Time-Saving Study Tips I Wish I Knew As A First-Year
Lists are your new best friend.
As much as we all want uni to be one endless party, the reality is that we’re here to learn. The holiday between finishing school and starting uni is ridiculously long, and it’s easy to forget all those study habits that were once engraved in our brains.
After three years of study and much experimenting, I like to think I’ve finally found the best study habits that make studying for uni a walk in the park. Here are some top tips to incorporate into your study routine to tackle your daunting uni workload.
Do The Readings
Let’s be honest, we’re all guilty of showing up to class and lying to our tutors about how much we learned from the weekly readings. Hell, most of us have never even bought the textbook.
I know the readings can be pretty dense, but there’s a reason your lecturer prescribes them. It’s much easier to pay attention in the lectures when you’ve done the readings beforehand because you already know what the lecturer is talking about. Take notes as you’re reading to keep yourself engaged.
Set Goals For The Semester
Setting goals is a great way to make sure you’re on track for the semester. Write out everything you want to achieve, stick it somewhere you look frequently (like above your desk or on the bathroom mirror), and write a tick beside every goal you complete.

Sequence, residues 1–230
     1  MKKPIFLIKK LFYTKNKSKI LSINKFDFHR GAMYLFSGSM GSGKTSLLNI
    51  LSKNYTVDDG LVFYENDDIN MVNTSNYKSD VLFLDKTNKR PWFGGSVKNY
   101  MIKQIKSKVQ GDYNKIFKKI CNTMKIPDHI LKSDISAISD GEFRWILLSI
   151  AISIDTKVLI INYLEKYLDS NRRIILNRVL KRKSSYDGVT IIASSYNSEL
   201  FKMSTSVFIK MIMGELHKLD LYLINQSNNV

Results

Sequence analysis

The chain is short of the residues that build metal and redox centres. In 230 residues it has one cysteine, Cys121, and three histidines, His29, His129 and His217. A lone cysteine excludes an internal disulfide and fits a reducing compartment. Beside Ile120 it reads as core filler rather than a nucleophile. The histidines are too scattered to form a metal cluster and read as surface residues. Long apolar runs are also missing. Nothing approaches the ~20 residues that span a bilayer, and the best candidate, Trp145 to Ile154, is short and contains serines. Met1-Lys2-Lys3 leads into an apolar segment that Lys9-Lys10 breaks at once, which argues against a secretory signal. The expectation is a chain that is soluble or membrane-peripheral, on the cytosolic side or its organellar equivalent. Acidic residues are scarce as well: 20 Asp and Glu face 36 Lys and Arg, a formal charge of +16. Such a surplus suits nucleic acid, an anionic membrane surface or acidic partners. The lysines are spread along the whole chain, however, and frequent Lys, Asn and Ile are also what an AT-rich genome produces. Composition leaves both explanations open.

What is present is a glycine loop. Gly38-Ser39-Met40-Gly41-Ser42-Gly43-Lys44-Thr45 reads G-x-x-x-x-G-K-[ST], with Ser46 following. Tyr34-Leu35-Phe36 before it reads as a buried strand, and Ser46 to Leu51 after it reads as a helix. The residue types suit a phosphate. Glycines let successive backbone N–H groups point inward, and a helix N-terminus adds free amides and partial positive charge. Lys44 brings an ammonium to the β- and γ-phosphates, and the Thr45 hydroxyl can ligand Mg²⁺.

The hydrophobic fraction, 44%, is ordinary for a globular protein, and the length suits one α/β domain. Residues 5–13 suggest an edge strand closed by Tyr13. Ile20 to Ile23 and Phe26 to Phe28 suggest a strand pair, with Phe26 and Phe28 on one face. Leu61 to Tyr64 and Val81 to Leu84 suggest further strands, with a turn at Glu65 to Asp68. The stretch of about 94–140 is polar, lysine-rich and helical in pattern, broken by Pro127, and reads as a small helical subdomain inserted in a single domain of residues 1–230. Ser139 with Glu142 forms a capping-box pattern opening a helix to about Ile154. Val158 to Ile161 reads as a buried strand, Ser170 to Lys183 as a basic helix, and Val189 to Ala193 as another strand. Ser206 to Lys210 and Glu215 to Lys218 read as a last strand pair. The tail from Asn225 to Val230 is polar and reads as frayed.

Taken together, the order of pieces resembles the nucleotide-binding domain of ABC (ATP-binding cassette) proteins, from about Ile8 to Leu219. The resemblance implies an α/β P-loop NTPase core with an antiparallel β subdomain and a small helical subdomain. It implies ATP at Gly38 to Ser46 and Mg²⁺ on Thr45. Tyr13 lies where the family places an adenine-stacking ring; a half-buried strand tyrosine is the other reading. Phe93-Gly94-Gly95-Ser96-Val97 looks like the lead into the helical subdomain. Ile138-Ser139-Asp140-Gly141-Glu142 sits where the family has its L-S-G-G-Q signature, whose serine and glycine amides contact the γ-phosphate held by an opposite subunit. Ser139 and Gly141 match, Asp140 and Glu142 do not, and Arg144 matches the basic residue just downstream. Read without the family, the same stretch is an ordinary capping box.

Looking at your goals often will make you reflect on how you’re going and whether you might need to step up your game a little. It’ll feel great at the end of the semester looking at all the ticks beside your goals because it shows how much you’ve achieved.
Keep All Tutorial/Workshop Notes Together
It can be easy to assume that a new lecture or tutorial means it’s time to open a new document to take down your notes. This can be super frustrating when it comes to assignments and exams when you can’t remember which class covered which concepts.
Use one document or notebook per class to keep all your notes together. This way when you’re looking for something particular you can just command + F and find it instantly, instead of wasting time going through countless documents.
Figure Out How You Study Best
It took me two years of continuously writing out exam notes before I realised that I don’t learn best by writing down information, but by actually reading it aloud to myself.
Everyone learns differently. In fact, there are actually seven styles of learning (visual, aural, verbal, physical, logical, social and solitary). Take some time figuring out which style works best for you and go from there.
Invest In A Diary Or Wall Planner
A diary or a wall planner really helps you stay on top of all your assessment due dates. At the beginning of the semester, write out when all of your assignments are due and write out weekly reminders in the weeks leading up to your due dates.
As you cross each day off, you’ll know exactly how much time you have left to complete an assignment or study for an exam. It’ll really help your time management, and minimise those last minute late night, Red Bull-fuelled cramming sessions.
Learn To Love Lists
Lists are another great way to improve your time management. When it’s time to knuckle down, write out a list of everything you want to complete in this study session and cross off a task when it’s done.
Break down bigger tasks into smaller, more manageable chunks so that you have more stuff to cross of your list. It feels so good crossing stuff off your list that you’ll almost be sad when your study session is over (almost being the key word).
(Lead image: Community/NBC)